“Prescribing ‘placebo treatments’: results of national survey of US internists and rheumatologists,” is the title of a newly-published article in the 23 October issue of BMJ (British Medical Journal). The full text article and PDF are available for free at the time of this posting.
In this study of 679 US physicians, Tilburt et al. reveal that 46-58% of those responding report regularly using some sort of placebo in their practice. The reason for the range is that questions were asked in a manner that did not use the word, “placebo,” but instead took into account:
“Placebo treatment” is an unclear and complicated concept that lacks a standard definition. Placebo treatments include “inert” agents that have little or no pharmacological activity, such as sugar pills and saline injections given to promote positive expectation, and physiologically active agents, such as vitamins or antibiotics, that the physician prescribes solely or primarily to promote positive psychological effects
Dr Jake Young at Pure Pedantry does a superb job covering the article and I encourage you to read his take. Janet Stemwedel, house ethicist, takes me by surprise a bit by suggesting a scenario whereby use of a placebo might be considered ethical.
Since these bloggers wrote about the ethical issues, I am more interested in what kinds of things were suggested by doctors as placebo treatments in that the study was funded in part by the NIH National Center for Complementary and Alternative Medicine (NCCAM). moreover, one of the authors is a relatively well-known, Harvard-affiliated doctor of oriental medicine.
The authors did indeed separate placebos into “inactive” and “active,” the latter to denote over-the-counter analgesics or vitamins that possess physiological activity but whose use is not supported clinically for treatment, for example, of non-diabetic patients with fibromyalgia (one scenario in the BMJ paper). So-called “active” placebos were most commonly reported as follows:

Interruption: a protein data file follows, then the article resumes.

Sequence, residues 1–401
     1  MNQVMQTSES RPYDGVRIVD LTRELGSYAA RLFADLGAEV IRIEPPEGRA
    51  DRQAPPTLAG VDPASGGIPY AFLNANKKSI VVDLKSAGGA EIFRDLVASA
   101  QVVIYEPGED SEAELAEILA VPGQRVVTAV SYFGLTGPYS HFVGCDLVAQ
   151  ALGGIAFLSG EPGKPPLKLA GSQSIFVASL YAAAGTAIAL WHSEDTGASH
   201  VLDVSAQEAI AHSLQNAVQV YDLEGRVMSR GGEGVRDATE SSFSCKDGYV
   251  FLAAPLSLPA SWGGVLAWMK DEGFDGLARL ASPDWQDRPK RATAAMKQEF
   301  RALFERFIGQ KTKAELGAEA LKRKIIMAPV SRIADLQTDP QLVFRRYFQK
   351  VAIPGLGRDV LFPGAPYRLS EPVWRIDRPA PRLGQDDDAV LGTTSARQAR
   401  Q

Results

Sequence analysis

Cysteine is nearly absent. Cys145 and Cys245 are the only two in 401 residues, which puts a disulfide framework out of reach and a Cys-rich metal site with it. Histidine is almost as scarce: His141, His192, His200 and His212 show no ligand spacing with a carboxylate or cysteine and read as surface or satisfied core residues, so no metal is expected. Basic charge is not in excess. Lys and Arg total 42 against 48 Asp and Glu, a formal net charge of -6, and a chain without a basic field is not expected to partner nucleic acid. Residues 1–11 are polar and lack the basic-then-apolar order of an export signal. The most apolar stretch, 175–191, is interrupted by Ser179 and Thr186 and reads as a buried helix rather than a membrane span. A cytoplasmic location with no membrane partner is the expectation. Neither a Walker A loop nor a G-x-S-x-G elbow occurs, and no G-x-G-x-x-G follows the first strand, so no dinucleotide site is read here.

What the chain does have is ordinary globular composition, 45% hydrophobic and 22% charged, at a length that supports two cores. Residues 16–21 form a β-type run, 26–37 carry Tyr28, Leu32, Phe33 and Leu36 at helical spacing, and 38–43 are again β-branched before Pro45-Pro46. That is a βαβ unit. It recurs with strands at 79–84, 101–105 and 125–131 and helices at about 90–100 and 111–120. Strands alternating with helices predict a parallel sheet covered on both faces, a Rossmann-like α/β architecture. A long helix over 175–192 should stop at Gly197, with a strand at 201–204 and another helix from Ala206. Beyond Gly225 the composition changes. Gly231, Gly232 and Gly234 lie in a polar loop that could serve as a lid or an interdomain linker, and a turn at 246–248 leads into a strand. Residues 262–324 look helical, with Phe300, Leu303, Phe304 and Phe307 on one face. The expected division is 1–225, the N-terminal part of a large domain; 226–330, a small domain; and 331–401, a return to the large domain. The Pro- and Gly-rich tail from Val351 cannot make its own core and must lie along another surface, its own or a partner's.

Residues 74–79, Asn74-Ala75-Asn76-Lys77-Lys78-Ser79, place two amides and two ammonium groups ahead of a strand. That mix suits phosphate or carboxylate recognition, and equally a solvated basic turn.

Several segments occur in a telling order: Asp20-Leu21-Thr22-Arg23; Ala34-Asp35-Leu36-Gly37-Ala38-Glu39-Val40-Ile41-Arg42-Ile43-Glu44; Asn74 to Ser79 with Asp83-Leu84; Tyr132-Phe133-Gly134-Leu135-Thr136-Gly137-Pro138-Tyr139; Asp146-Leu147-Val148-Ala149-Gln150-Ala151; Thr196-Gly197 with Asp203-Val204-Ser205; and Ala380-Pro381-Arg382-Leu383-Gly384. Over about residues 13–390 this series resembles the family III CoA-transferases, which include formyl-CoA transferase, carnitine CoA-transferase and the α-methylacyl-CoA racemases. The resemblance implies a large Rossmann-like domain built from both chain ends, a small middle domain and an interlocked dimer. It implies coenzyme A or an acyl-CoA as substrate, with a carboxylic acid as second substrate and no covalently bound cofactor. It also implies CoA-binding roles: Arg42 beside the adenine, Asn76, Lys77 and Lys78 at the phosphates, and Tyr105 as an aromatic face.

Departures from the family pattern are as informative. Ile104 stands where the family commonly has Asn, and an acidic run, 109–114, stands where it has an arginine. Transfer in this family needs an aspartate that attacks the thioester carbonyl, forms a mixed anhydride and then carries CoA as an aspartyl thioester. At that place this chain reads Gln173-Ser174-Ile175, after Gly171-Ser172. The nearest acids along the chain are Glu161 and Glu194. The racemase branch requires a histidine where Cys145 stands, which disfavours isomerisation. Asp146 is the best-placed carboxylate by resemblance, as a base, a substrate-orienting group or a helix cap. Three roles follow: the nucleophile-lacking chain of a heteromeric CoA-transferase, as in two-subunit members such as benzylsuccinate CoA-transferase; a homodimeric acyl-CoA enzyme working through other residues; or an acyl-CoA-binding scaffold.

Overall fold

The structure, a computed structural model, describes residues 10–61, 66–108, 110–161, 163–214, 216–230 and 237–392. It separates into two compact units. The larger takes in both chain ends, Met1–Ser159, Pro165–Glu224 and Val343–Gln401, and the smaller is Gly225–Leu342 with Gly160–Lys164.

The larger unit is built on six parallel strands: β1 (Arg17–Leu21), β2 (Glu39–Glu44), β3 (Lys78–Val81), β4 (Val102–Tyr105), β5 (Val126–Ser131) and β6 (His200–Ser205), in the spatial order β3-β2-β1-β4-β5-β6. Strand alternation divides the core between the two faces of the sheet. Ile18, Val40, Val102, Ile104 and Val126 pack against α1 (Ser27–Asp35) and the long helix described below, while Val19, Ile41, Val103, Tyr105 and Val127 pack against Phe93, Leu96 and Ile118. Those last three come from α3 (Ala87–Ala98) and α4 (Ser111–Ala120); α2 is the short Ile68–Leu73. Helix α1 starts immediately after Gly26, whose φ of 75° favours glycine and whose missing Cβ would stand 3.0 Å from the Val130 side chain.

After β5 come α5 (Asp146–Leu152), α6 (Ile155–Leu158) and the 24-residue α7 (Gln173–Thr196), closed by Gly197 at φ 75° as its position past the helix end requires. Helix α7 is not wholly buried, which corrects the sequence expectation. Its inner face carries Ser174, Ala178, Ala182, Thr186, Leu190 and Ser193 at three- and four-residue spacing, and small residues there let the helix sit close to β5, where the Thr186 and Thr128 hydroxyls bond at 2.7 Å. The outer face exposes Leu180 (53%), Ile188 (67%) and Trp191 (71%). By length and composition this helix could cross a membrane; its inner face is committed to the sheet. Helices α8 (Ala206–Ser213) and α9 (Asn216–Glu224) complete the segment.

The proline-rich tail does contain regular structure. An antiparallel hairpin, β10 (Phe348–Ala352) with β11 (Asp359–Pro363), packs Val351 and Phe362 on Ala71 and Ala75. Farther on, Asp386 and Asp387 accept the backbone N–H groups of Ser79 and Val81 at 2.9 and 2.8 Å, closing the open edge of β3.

[O]ver the counter analgesics (41%), vitamins (38%), antibiotics (13%), and sedatives (13%). Only 2% recommended “sugar pills” and 3% saline.
What disappointed me was that this group did not delve deeper into “vitamins,” especially since the NCCAM mission is to investigate the prevalence of dietary supplement use. While not clear from the paper, my interpretation is that herbal supplements (like Echinacea) or non-botanical supplements (like glucosamine) could have also been considered under the broad subheading of “vitamins,” particularly since these choices were absent from the survey.
Why do I care to make this distinction or want to know the data?
I fear that as alternative medicine has infiltrated well-regarded academic medical centers and the private practices of board-certified physicians, the suggested use of dietary supplements by some docs as something that “can’t hurt” might also be classified as a placebo in the context of this study. I suspect that most physicians are aware that the majority of well-controlled, randomized clinical trials have failed to show any clinical efficacy for but a handful of dietary supplements. The fact that some academic integrative medicine centers actually sell supplements on-site says to me that placebos are being actively promoted in conventional medical practice.
The NCCAM website already has a new release about about this study. I’m a bit concerned as to how this news will be interpreted. The title of the press release, “Half of Surveyed Physicians Use Placebo Treatments for Patients,” may lead some readers to believe that if placebo use is so prevalent, then it is ethically reasonable to use ineffective dietary supplements. Or, I could just be paranoid and NCCAM simply wants to advertise that a study they supported made it into BMJ.
Anyway, I may contact the authors and find out if they stratified the responses to determine if they have any information on the use of dietary supplements as placebos in this study.
J. C Tilburt, E. J Emanuel, T. J Kaptchuk, F. A Curlin, F. G Miller (2008). Prescribing “placebo treatments”: results of national survey of US internists and rheumatologists BMJ, 337 (Oct 23 (2)) DOI: 10.1136/bmj.a1938